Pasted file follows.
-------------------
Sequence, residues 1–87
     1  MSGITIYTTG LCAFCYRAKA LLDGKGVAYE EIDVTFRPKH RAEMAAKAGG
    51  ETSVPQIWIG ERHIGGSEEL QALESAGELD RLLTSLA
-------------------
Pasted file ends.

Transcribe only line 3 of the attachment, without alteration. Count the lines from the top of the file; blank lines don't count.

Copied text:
    51  ETSVPQIWIG ERHIGGSEEL QALESAGELD RLLTSLA